If one were to search for a modern-day Midas amidst the metal mythos, they need look no further than Chris “Lord” Harms. Though rather than gold, everything this talented musician touches turns into a sea of sonic shadows, enveloped by his aphotic vision. His deep voice carries with it a sultry timbre, one that meshes well with other vocalists or stands alone with its impassioned allure. Whether working with Oomph! vocalist Dero Goi on their new collaborative project Die Kreatur, or shining as a guest alongside Flo Schwarz on Pyogenesis’ single “Modern Prometheus,” Harms proves himself a shining star time and again. But no matter how this captivating creative occupied his time with musical commitments in 2020, this present year is marked by one of the most ambitious and impressive outputs from his main project yet. And so once again Lord of the Lost basks in brilliance with the conceptual double-album simply dubbed “Judas.”
As its name suggests, this aural journey follows the perception surrounding the fabled betrayer Judas Iscariot, stretching deep beneath the surface of deception and headfirst into the light of redemption. Lord of the Lost has tackled the impressive challenge of double concept albums not just once, but twice before, with both “Empyrean” and “Thornstar.” Yet “Judas” climbs head and shoulders above them both, dripping with the pain of betrayal while its gothic darkness is split by fractal beams of what some may call faith. This dichotomy is represented by the division between discs, the first titled “Damnation” followed by its companion “Salvation,” the names branding each respective half with hints of the narrative contained within. The former half dances with the image of Judas as a man “born to be a traitor,” while the latter tangles with the so-called salvific “Gospel of Judas,” both stories shrouded in the band’s gothic signature.
Though Harms may serve as the iconic, eye-catching front-man of Lord of the Lost, across six studio albums and almost a decade and a half the project, has gained a stronger sonic identity beyond its founder alone. “Judas” is proof that the current lineup is the perfect delivery vehicle for ambitious stories, and their ability to heighten brilliant compositions with airtight musicianship adds yet another strength to an already impressive arsenal. 2018’s “Thornstar” climbed German charts and brought the band firmly into the spotlight, but this latest endeavor propels them even further into the niche they have carved for themselves. The versatility within the expansive tracklist of “Judas” is much like that of the variety the gothic metal act has carried through their career, yet channeled through wisdom and nuance that lends itself towards a more mature sound. Saturated with darkness and a glistening creative polish, one might find themselves asking if this is, perhaps, Lord of the Lost’s magnum opus.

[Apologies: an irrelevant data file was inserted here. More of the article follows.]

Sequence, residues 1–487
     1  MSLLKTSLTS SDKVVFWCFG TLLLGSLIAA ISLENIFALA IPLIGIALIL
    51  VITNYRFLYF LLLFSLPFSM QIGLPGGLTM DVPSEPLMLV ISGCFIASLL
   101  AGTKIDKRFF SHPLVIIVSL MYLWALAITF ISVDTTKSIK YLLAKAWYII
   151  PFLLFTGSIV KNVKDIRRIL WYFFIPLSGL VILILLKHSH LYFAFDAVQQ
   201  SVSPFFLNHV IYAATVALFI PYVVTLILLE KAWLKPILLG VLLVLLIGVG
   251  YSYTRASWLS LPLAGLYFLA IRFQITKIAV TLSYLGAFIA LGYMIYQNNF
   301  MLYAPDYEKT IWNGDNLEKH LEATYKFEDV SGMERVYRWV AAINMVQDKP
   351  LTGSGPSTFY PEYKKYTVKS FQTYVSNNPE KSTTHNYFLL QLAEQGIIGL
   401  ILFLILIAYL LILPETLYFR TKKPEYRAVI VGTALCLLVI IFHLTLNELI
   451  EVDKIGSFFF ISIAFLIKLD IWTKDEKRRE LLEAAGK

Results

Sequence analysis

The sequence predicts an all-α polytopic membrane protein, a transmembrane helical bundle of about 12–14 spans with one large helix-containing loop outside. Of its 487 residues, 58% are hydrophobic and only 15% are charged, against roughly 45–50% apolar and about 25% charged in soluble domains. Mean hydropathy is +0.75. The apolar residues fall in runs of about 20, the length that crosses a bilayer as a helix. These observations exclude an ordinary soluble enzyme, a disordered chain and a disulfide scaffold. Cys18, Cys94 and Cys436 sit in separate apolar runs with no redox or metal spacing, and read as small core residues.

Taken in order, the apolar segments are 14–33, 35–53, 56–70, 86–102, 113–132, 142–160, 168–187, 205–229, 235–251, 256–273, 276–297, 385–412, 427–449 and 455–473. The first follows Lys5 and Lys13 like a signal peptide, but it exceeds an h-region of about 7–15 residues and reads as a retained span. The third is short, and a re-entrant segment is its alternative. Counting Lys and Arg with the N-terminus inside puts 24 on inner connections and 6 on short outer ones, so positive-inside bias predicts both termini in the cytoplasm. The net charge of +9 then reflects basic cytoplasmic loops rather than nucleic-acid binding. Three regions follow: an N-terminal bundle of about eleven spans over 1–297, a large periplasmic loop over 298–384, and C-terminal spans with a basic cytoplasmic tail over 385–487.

First and foremost “Judas” is a gothic endeavor, its darkened silk only fractured by the foundational elements of German industrial music for a sharper bite as it piques. Each track is a story told beneath the cloak of midnight, a coalescence between the history we have long been told and a contrasting image the band so painstakingly paints. Furthering the all-enveloping thematic atmosphere is a distinct hymnal undercurrent, swelling with angelic choirs to offset Harms’ sinfully tempting tone, not once breaking an unspoken reverence. Yet even this heavenly touch is not without its contrast, as hearty synthesizers add gravel to ground slower tracks, including the somber foray of “The 13th.”
For as much pain as Harms delivers with his tender keening in vocally isolated passages, he is backed by the furious hellfire of Lord of the Lost’s rhythm section when the mood takes on a more ominous shade. Careful mixing balances between the front-man’s magnetic charisma and the instrumental talents which gift “Judas” its substance, a testament to the painstaking production behind the album.“Iskarioth” elevates the torment of agony with visceral percussive fury, capturing the sensation of being wounded, and of how the wounded seek their revenge. Similar aggression bleeds through in “2000 Years A Pyre,” a funerary march punctuated by expressive howls. For a more thorough exploration of the band’s industrial roots, “Be Still And Know” is an electric inferno sun-kissed by a delicate piano for a threnody like no other, led by the virtuoso hands of guitarist Pi Stoffers before static descends.